Please use this identifier to cite or link to this item:
|Title:||Policy congruence in Europe: testing three causal level models at the individual, party and party system levels|
|Abstract:||Over the last decades, a number of empirical studies have approached representation essentially on the basis of descriptive analyses of political or ideological MP-voter congruence. Only few studies attempted to explain why parties are more or less correspondent to their electorates and none has adopted a comprehensive theoretical approach to that explanation. Trying to respond to this gap, the article begins by assessing the levels of policy preferences among MEPs and their voters using a set of eight policy issues (characterizing the left-right and the libertarian-authoritarian dimensions), and then explores what may explain policy congruence by testing models working at the individual, party and party system levels. Three regression models are run corresponding to each of these levels. Each model regards the eight policy issues under study. The study looks at the political parties of the 27 countries of the European Union (EU) which ran in the 2009 European Parliament (EP) elections. The findings reveal that party congruence is generally moderate (no significant differences seem to emerge between left-right and libertarian-authoritarian issues) and that the individual model (namely voters’ education and intra-party polarization) and party-level model (MEPs’ and voters’ left-right and libertarian-authoritarian attitudes within parties) are those which best explain party policy congruence.|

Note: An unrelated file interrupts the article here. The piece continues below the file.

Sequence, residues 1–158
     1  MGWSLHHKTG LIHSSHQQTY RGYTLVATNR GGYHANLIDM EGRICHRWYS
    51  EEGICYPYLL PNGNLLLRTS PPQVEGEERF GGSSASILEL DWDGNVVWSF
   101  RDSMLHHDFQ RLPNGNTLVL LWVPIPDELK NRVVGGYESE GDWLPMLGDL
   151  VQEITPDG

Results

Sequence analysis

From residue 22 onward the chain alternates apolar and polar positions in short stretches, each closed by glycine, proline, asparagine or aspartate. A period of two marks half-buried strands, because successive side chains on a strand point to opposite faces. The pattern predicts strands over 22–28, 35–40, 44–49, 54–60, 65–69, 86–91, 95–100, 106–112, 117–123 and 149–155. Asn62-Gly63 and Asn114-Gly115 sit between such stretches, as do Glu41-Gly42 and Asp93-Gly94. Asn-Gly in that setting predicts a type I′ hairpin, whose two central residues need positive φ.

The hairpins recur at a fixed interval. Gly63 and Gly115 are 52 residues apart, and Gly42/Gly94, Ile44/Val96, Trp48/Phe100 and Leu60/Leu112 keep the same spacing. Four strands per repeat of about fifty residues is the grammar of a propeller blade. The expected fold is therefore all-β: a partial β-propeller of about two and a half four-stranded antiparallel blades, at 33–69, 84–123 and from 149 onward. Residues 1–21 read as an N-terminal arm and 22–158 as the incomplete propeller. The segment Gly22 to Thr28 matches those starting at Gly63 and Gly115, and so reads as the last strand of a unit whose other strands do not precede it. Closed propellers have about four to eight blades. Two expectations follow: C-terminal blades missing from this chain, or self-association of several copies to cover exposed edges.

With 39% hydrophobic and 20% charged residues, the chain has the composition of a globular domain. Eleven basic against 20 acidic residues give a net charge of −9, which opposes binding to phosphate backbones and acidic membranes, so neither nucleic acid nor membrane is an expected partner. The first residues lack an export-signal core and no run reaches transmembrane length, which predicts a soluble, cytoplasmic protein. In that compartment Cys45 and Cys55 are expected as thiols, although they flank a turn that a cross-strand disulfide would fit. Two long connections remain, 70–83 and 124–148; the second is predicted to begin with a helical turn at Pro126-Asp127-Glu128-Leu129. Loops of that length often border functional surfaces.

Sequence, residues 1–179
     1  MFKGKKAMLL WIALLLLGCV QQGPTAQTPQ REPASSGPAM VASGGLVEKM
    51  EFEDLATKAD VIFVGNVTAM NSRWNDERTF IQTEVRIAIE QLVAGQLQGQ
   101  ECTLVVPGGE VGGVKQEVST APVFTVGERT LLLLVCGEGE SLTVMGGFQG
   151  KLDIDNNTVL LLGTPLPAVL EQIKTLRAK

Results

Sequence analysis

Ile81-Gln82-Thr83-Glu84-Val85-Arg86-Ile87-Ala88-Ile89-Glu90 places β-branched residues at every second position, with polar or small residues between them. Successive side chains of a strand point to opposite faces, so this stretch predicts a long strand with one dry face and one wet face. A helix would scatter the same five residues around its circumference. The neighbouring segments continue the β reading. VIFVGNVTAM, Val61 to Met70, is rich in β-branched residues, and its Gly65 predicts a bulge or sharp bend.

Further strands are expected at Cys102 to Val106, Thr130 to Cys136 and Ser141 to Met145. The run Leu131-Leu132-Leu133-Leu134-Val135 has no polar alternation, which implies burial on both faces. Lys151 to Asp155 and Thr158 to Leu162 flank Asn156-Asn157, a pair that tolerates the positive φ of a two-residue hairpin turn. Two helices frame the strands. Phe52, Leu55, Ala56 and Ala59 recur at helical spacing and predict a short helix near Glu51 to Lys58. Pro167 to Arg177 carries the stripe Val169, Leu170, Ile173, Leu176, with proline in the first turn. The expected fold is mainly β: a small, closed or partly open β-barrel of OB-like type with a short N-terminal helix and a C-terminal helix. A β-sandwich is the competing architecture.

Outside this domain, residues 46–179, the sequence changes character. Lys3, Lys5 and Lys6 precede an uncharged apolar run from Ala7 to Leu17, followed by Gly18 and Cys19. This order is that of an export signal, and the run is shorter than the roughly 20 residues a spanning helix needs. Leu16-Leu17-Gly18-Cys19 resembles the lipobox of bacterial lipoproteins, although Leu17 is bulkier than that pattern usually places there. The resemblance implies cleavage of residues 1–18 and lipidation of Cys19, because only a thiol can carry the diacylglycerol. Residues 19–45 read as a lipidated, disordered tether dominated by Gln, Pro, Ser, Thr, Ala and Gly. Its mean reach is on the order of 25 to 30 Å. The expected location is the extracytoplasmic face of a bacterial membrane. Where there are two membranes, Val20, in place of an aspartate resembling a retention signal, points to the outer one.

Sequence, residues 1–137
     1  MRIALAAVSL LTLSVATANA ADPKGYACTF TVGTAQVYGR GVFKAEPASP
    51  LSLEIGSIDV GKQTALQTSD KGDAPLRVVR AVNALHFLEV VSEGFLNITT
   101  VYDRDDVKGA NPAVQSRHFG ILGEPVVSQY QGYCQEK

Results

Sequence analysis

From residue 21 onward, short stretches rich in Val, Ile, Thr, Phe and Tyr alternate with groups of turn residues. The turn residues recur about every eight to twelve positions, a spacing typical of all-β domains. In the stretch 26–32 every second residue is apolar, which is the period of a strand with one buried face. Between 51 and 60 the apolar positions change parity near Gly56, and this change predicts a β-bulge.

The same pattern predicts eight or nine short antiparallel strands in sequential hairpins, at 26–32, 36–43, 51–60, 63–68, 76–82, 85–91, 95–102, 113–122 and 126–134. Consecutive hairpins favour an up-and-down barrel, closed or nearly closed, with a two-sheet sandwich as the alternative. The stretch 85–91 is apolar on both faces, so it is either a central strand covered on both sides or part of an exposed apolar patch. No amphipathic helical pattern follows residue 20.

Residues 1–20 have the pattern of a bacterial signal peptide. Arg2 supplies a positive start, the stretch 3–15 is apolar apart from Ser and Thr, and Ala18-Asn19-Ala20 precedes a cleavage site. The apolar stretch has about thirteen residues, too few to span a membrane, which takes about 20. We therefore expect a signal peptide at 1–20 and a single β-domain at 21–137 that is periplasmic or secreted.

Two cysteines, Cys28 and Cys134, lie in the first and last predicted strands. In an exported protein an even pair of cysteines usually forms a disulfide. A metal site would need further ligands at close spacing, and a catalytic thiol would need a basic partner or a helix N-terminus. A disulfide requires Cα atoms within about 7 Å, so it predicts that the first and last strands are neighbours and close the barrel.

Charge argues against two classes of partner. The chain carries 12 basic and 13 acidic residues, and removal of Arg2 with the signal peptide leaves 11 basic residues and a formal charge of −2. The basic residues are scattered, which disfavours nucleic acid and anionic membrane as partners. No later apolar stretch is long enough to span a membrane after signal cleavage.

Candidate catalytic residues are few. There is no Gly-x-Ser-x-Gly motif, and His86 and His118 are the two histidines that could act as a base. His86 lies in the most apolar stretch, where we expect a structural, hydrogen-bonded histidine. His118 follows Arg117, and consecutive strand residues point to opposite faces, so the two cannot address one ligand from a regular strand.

|Publisher version:||The definitive version is available at: http://dx.doi.org/10.1386/pjss.12.3.341_1|
|Appears in Collections:||CIES-RI - Artigos em revista científica internacional com arbitragem científica|
Files in This Item:
|publisher_version_PJSS_belchior.pdf||825.72 kB||Adobe PDF||View/Open Request a copy|
Items in DSpace are protected by copyright, with all rights reserved, unless otherwise indicated.